Cover image for Southern exposure
Southern exposure
Rice, Linda Lightsey, 1950-
Personal Author:
First edition.
Publication Information:
New York : Doubleday, [1991]

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Reviews 3

Booklist Review

A masterfully executed contemporary tale about the breach of trust that occurs when a murder shakes up a small, close-knit town in South Carolina's low country. Rice, a promising new author, turns out a sterling performance with this debut novel. Part detective thriller and part elegy to wholesome, old-fashioned living a la TV's fictional town of Mayberry, this lush, leisurely paced drama abounds with memorable, full-bodied characters through whom we vicariously experience the suspicions, doubts, and dislocations that murder heaps on a small community. At story's center is Stoney McFarland, the town's "prodigal son," who discovers the grisly murder of an elderly neighbor. His idealism and sense of sanctuary shattered, Stoney becomes hell-bent on ferreting out the killer. Could it be no-good drifter J. T. Turner, or the mad voodoo lady, Maum Chrish, who lives near the swamps, or someone known to and trusted by all? Suspense builds and peaks as, bit by bit, the town's darkest secrets unfold. A riveting, imagistic saga rich with local color. ~--Mary Banas

Publisher's Weekly Review

In her first novel Rice presents a cast of passionate, colorful characters in a sultry, lush, Southern-gothic setting. Most of the residents of small, quiet Essex, S.C., know each other. Neighbors tend their gardens and leave the doors to their homes unlocked. City-dwellers like 30-ish engineer Stoney McFarland and his photographer wife Anna move to Essex to enjoy a simpler way of life--that is until Sarah Roth, a town matriarch, is found brutally murdered. Maum Chrish, a black woman who practices voodoo in the swamps, quickly becomes a suspect although there is no evidence to prove her guilt. Stoney has his own ideas about who murdered Sarah and he becomes obsessed with solving the crime. During one of South Carolina's worst heat waves, Stoney's suspicions draw the entire community, now paranoid with fear, into a dangerous investigation. Rice maintains a level of creepy suspense despite some awkward, overlong passages about sex and voodoo that sometimes lack credibility. Though the mystery is central to the plot, the identity and motive of the killer are not proven. But Rice's psychologically adept portrayal of a community suddenly forced to acknowledge evil, and her evocative use of atmospheric detail, make this an auspicious debut. (Mar.) (c) Copyright PWxyz, LLC. All rights reserved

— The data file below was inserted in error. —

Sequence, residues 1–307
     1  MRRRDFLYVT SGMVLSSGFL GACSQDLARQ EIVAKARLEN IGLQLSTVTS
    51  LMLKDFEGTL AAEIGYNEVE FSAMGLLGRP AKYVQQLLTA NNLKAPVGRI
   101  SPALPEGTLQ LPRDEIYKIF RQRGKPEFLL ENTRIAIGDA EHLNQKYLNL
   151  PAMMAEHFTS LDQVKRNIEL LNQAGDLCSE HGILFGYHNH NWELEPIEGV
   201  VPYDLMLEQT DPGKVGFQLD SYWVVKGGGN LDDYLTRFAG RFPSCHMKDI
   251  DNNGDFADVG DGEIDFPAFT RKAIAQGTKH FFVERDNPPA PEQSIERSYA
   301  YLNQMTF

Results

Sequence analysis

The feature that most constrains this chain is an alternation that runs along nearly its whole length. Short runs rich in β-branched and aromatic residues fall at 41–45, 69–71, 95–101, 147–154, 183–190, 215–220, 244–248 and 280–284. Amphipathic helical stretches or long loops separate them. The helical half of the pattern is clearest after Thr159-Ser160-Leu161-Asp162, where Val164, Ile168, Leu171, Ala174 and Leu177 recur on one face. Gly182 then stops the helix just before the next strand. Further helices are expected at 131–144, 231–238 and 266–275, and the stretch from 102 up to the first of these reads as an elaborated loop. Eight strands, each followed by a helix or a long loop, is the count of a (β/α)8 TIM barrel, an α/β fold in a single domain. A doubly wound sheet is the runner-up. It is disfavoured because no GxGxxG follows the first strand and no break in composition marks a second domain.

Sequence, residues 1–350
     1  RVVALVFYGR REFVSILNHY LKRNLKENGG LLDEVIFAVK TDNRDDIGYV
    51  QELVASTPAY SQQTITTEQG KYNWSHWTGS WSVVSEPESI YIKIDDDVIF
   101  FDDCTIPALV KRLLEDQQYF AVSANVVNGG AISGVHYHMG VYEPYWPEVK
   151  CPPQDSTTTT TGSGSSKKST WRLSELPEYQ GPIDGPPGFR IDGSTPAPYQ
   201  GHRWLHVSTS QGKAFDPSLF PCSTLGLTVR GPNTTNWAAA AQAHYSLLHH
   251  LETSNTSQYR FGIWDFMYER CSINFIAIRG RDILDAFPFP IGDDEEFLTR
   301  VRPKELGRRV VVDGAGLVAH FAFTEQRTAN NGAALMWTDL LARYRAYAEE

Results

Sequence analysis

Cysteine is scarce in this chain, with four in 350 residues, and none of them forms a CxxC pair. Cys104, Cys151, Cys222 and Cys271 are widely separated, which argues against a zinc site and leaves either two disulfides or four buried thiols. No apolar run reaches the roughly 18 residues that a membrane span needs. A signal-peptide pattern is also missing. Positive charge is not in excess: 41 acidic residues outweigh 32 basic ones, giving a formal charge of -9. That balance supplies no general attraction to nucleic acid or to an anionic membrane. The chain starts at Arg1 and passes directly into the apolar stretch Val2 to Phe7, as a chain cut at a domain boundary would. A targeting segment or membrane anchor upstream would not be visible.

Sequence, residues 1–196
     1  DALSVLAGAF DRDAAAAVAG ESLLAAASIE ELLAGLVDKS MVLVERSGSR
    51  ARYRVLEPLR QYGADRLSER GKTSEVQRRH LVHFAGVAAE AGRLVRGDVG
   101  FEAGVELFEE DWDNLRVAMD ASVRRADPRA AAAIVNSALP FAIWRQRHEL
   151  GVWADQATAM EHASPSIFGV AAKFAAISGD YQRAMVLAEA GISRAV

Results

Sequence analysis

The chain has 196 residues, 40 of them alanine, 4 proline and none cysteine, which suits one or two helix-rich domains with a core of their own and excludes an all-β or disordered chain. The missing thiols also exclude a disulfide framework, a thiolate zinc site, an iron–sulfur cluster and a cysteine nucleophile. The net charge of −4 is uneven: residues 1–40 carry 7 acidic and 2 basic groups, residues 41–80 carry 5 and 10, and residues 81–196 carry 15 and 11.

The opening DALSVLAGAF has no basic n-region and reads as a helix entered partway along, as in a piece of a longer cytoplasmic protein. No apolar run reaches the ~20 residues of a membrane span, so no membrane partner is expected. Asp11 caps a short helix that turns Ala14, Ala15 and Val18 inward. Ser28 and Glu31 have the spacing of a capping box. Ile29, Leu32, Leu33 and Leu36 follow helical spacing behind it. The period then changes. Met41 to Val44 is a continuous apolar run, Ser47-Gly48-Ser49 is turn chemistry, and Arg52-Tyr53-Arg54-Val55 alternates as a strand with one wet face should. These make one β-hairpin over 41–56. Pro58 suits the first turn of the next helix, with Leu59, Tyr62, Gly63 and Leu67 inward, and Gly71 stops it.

Library Journal Review

The murder of a prominent citizen of a small South Carolina town proves a cathartic experience for the previously tranquil community, forcing many of its residents to confront the underlying problems in their own lives. Chief among these are a young man recently returned in hopes of capturing the peace and happiness of childhood and his frustrated wife, estranged from him and the community by the move; and a black teacher, also returned to confront her past and search for her long-lost mother. Rice's lush prose skillfully evokes the humid, menacing atmosphere of the South Carolina low country but fails to develop fully the multiplicity of themes introduced (voodooism, disintegration of a marriage, sexual awakening, black-white relations), leaving the reader curiously uninvolved and wishing for further exploration.-- Cynthia Johnson Whealler, Cary Memorial Lib., Lexington, Mass. (c) Copyright 2010. Library Journals LLC, a wholly owned subsidiary of Media Source, Inc. No redistribution permitted.

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